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Kim Dotcom 2012 mansion raid deemed legal by Supreme Court

It seems ridiculous at this point, but Kim Dotcom is still awaiting his extradition trial, despite the fact that he was originally arrested almost three years ago, during a 20th January raid on his mansion. In the raid’s aftermath, we learned that helicopters and heavily armed (though oddly not armoured) police teams were sent in, along with dogs and van loads of backup and to top it all off, the warrant for his arrest was invalid. Despite this though, the Supreme court has now ruled that the raid was entirely legal, leaving Dotcom himself to describe the court proceeding as a “Mickey Mouse,” trial.

The original raid was part of the shutdown of MegaUpload, a file locker site that Dotcom had built into one of the largest websites in the world. He and several co-creators of the site were charged with conspiracy to commit copyright infringement, due to the site’s users hosting copyright protected content without permission. They also were accused of money laundering due to making money from the enterprise. Dotcom later countered that he, like many other large file lockers, provided a tool to studios to let them take down their own pirated material, which was more than he was required to do by law.

This ultimately seems to have made little difference, as almost three years later he’s still awaiting trial and has repeatedly had assets seized and been targeted by further lawsuits.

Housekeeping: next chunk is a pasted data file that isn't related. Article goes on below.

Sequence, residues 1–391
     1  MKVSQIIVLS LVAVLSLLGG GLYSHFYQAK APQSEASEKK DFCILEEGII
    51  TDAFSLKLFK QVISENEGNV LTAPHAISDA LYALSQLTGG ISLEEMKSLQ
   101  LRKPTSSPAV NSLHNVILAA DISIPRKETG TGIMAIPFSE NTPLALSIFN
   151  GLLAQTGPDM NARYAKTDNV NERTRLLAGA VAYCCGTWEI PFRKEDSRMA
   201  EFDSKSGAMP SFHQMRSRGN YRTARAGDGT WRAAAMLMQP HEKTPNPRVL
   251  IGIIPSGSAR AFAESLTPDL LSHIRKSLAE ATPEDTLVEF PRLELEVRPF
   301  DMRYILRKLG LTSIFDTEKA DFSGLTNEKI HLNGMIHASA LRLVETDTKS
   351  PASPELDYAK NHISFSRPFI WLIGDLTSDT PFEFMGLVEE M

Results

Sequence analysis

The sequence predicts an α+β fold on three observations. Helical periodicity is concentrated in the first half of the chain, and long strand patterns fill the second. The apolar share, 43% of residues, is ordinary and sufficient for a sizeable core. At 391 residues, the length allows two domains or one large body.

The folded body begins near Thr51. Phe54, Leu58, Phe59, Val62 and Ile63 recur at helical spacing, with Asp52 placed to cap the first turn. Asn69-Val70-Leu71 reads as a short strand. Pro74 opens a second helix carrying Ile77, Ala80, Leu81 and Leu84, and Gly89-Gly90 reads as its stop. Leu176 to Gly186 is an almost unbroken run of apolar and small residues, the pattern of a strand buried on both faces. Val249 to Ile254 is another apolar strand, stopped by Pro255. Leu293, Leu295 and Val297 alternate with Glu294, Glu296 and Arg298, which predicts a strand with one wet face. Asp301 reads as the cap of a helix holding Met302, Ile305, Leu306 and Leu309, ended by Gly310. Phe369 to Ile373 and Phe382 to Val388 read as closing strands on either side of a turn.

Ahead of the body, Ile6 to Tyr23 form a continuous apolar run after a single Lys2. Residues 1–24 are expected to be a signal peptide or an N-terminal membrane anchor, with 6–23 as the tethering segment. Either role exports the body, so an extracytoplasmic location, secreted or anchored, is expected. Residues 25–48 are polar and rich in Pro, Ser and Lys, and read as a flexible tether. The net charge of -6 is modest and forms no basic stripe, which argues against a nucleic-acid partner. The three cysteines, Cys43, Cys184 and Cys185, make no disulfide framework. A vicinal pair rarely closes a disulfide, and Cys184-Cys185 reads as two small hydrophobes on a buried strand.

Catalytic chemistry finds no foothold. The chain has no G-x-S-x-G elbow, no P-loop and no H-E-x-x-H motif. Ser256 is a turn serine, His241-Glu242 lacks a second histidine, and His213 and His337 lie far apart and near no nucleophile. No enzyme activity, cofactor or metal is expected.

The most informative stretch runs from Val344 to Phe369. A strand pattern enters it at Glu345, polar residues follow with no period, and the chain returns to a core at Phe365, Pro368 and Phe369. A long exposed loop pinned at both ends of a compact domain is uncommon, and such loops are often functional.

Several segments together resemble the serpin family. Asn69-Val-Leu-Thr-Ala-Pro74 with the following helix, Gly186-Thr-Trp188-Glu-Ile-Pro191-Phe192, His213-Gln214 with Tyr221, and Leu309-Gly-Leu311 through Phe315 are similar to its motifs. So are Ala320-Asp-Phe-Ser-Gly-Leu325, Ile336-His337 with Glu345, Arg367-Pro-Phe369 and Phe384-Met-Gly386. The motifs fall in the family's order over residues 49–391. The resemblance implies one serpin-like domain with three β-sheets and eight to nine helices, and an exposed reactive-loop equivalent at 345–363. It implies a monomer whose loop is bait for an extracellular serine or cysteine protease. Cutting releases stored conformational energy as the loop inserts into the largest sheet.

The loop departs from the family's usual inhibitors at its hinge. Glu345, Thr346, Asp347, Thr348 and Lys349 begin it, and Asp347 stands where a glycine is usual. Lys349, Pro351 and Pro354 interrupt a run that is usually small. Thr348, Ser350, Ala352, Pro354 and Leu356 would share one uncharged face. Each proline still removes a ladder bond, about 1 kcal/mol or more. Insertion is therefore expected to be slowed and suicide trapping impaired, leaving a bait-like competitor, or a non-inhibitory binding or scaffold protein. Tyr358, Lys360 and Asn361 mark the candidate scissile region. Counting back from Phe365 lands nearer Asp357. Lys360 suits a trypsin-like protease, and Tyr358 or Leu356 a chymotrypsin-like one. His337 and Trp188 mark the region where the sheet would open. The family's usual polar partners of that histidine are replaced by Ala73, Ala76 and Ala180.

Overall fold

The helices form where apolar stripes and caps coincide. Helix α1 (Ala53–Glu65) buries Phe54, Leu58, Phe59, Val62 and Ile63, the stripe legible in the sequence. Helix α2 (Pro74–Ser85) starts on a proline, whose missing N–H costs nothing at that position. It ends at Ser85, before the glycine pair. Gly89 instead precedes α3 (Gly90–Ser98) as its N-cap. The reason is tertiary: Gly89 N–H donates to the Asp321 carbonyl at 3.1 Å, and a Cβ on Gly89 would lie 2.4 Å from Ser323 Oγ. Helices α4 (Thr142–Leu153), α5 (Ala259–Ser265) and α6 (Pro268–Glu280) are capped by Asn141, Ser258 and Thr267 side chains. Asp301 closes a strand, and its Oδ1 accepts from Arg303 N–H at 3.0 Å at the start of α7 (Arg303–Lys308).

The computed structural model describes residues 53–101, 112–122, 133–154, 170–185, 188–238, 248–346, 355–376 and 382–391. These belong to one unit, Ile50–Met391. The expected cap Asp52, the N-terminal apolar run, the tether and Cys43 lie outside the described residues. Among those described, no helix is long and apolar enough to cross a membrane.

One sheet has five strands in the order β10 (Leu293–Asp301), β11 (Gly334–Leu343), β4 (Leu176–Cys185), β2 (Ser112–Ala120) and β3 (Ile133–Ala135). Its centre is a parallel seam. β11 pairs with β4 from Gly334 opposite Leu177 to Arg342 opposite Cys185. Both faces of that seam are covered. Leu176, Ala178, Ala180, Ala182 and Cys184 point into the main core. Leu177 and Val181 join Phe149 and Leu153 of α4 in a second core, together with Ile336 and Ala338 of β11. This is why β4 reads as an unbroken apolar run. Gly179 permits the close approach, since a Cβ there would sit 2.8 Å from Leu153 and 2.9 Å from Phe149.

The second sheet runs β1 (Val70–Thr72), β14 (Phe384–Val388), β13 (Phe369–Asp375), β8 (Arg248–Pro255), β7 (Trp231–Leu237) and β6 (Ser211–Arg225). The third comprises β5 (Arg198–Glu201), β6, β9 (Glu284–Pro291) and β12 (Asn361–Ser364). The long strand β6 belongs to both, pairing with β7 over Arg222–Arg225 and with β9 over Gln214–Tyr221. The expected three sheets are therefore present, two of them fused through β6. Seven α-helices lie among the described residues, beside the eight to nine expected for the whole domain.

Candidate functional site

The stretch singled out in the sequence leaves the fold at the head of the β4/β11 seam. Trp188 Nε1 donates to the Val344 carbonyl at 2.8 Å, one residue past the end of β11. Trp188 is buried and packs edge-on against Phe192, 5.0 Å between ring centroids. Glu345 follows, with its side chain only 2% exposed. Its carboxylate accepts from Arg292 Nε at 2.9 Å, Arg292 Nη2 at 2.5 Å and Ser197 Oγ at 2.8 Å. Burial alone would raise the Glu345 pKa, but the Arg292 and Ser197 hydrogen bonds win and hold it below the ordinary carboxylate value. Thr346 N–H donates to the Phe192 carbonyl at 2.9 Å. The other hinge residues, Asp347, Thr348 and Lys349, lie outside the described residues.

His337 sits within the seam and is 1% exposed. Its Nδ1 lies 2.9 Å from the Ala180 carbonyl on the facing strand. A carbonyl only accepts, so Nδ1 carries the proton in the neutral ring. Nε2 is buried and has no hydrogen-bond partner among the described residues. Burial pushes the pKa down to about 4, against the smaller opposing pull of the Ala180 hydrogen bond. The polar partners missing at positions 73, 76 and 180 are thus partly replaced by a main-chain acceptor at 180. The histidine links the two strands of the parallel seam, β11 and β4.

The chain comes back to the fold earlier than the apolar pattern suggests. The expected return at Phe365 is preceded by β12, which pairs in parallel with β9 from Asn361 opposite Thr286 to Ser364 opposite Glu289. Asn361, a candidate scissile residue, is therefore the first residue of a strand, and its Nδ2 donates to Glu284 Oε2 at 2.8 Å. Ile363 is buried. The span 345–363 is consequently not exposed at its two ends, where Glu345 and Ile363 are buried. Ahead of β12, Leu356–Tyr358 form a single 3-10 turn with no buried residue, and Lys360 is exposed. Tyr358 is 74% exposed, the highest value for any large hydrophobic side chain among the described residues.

shopdotcom
Dotcom meanwhile has been honing his Photoshop skills.

Even the legality of the raid has been up and down over the past year though. Initially it was ruled that the warrants were invalid, but that was later overturned at appeal. Dotcom’s own appeal to the Supreme Court in this case proved unsuccessful, meaning that he now has little recourse but to prepare for the extradition trial set to take place next year.

The court did however admit that the warrants issued to detain Dotcom did contain flaws. Chief Justice Dame Sian Elias also disagreed with her colleagues in the court, but they overruled her dissension.

“The majority of the Court has decided that, although the search warrants were deficient in their description of the offenses to which they related, these defects did not result in any miscarriage of justice to the appellants,” the Court summary reads (via TorrentFreak).

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KitGuru Says: While I’m no legal expert, the raid did seem overblown. The police sent in were highly trained and though sporting sleeveless shirts, trainers and baseball caps, rolled in with silenced assault rifles and grenades. Overkill to catch one overweight nerd?

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